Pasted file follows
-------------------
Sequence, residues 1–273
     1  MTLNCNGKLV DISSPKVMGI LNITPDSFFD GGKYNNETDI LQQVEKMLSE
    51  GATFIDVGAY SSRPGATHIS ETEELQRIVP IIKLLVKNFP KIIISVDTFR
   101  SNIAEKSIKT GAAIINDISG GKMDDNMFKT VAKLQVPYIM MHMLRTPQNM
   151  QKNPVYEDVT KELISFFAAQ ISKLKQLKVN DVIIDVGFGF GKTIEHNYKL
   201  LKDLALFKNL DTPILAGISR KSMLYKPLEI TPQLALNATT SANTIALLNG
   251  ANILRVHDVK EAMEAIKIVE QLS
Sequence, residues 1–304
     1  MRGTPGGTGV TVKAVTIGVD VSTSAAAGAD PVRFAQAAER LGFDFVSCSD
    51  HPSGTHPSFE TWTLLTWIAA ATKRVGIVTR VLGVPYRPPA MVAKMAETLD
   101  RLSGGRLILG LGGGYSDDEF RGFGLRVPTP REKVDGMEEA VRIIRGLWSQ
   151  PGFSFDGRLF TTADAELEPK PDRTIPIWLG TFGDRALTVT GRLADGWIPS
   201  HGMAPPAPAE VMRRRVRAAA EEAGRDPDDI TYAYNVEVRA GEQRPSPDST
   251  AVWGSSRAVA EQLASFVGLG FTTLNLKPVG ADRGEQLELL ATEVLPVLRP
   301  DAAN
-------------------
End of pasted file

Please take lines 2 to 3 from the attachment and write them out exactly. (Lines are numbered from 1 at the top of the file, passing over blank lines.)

     1  MTLNCNGKLV DISSPKVMGI LNITPDSFFD GGKYNNETDI LQQVEKMLSE
    51  GATFIDVGAY SSRPGATHIS ETEELQRIVP IIKLLVKNFP KIIISVDTFR